A couple weeks ago, I paid a visit to the New York City workshop of Alex Soldier, at the suggestion of his daughter (and executive director), Maria. Soldier hails from the Russian city of Perm, where he served as the chief designer at the largest jewelry factory in the Ural Mountains. Since emigrating to America in 1990, he’s built a well-regarded designer jewelry brand—with Neiman Marcus, among other retailers—founded on his distinctive metalwork and sculptural sensibility; his pieces are rich with color, texture, and details, like the tiny freshwater pearls that complement the gemstones at the center of his new Anemone coronaria brooches (below).
I had been to Soldier’s workshop before—it’s a short walk from the JCK office—but Maria wanted me to see his newest collection of blackened and gold-plated silver cuffs, dog tag pendants, and baroque pearl pendants.
As I admired the pieces Maria showed me, I was reminded of how undeniably Russian Soldier’s work is: the heraldic accents, the richness of the gold, the artistry. But there is, too, an equally American quality about it. For starters, every piece is handmade in a building around the corner from Manhattan’s Times Square. Soldier emphasized this point as he showed me around the space behind the showroom where two jeweler’s benches littered with tools, wax models, and metal shavings betrayed a work in progress.
In my 12 years of writing about the jewelry industry, I’ve never known people to beat the drum for American-made more than in the past year. I noticed it a few months ago, when I researched a story about American watches for a luxury watch section running in the International Herald Tribune. At the time, President Obama made a news appearance at a lock factory in Milwaukee, where he enthusiastically promoted the business of “onshoring.” Everyone, it seemed, was suddenly hot on the prospect of buying and selling goods that had been conceived, designed, and manufactured domestically.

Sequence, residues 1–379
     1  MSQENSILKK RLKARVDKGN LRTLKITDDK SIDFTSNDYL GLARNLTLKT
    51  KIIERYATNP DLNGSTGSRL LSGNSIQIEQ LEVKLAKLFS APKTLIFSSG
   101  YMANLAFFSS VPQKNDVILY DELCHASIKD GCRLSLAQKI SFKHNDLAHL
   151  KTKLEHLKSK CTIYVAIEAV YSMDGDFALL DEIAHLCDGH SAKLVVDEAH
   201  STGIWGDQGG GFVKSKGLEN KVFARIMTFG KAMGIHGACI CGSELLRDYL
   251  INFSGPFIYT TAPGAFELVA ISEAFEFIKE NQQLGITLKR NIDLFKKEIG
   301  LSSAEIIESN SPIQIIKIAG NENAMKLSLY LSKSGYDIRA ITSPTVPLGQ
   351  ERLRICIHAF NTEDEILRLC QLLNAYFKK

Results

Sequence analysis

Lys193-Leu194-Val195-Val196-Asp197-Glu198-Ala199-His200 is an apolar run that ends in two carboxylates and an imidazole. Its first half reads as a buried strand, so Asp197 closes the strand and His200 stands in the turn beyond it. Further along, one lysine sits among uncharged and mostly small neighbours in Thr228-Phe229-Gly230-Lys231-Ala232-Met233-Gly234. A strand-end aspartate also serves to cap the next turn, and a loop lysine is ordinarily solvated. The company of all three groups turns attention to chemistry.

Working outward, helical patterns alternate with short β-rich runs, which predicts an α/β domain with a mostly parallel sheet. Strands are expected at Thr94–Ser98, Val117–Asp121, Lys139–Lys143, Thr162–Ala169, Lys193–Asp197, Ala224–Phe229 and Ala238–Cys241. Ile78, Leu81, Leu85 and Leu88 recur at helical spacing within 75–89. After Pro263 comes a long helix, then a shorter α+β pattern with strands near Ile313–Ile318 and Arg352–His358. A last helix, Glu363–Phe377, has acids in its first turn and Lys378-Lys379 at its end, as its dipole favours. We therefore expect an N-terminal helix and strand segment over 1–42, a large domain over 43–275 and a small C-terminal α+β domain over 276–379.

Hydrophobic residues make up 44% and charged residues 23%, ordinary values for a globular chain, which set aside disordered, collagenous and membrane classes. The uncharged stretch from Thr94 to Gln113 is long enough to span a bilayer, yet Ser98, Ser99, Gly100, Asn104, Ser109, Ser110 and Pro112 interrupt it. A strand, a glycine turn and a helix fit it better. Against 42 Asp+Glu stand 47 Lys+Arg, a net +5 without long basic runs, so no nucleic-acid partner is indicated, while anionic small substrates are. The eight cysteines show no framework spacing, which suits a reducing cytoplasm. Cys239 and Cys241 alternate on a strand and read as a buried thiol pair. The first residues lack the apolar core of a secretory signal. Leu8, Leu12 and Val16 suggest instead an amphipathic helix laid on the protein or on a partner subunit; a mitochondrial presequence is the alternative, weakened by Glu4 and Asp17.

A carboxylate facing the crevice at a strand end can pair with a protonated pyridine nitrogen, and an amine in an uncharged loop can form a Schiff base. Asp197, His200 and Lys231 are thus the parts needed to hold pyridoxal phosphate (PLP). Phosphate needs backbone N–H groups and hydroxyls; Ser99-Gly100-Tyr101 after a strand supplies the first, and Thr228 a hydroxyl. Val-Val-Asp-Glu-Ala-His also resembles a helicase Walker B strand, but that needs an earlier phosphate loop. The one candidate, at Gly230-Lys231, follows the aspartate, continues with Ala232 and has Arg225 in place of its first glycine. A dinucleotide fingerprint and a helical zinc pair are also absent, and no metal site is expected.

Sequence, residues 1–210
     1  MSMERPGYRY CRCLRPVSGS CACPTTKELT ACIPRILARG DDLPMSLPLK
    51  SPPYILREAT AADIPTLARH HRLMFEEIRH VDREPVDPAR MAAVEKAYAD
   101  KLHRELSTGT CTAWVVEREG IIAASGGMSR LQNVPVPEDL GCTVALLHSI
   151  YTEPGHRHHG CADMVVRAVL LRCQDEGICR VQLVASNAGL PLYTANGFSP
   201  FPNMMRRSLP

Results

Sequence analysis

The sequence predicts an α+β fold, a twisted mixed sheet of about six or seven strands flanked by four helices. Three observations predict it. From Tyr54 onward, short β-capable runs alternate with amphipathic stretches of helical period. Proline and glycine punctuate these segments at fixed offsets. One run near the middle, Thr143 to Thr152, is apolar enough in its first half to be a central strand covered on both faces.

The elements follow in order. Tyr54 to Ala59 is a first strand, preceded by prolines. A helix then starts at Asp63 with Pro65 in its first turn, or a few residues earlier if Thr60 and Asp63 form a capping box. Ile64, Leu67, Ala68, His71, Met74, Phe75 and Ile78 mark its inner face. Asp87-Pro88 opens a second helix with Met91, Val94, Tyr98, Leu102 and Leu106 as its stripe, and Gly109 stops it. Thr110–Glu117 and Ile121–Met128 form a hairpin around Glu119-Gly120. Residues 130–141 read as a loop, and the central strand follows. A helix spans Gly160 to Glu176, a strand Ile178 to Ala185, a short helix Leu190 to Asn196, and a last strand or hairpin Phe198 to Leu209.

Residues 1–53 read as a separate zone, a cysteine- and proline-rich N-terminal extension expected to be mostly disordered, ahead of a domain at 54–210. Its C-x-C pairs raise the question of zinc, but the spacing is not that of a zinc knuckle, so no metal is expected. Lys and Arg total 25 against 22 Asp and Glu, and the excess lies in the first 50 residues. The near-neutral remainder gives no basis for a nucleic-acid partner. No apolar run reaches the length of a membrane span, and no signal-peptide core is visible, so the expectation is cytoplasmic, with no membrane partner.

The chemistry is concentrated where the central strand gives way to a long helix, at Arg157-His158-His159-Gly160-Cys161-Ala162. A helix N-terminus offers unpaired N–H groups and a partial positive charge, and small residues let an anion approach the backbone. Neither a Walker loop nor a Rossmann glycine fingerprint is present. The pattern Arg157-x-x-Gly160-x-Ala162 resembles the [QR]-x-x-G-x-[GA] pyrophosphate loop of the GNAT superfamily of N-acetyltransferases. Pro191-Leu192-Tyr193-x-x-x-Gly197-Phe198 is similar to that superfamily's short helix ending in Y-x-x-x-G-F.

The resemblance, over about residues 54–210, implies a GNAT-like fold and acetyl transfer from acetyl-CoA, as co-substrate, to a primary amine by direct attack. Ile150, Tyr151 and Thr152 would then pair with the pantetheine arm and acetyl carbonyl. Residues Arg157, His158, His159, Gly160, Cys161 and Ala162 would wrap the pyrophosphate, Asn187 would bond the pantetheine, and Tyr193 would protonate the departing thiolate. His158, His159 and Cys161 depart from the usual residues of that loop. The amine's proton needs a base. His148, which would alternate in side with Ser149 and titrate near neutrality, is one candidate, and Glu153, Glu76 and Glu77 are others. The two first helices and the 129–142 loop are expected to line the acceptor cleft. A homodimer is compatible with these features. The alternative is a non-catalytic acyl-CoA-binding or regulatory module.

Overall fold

Even novelist Dave Eggers recently came out in support of American book publishing, explaining that his new novel, A Hologram for the King, about the demise of American manufacturing, led him to a plant in Detroit called Thomson-Shore, where he arranged to have the book printed. “Walking the production floor was very much like meeting members of an extended family. . . . The fact that they’re in Michigan makes it easier to communicate, to reprint, and to correct problems, and the prices are close enough to China’s numbers, when you take shipping and various delays into account,” Eggers told The New York Times. “I would be lying if I said it doesn’t feel somehow right to be printing books in the U.S.”
Closer to home, here in the jewelry trade, JCK Events, the organizers of the JCK show in Las Vegas (JCK’s parent company), recognized the groundswell of support behind domestic production when they called attention to 338 exhibitors who source materials and produce jewelry entirely in the U.S.A. in the show guide, the online map, and booth signs and decals.
At a time when the global economy is beset with so much uncertainty, the United States appears to be the lone bright spot on an otherwise gloom-filled map, and that alone is cause for celebration. I promise that we’ll do real justice to the topic in one of our upcoming issues, where we’ll highlight the marketing advantages of promoting American-made, but in the meantime, happy 4th of July!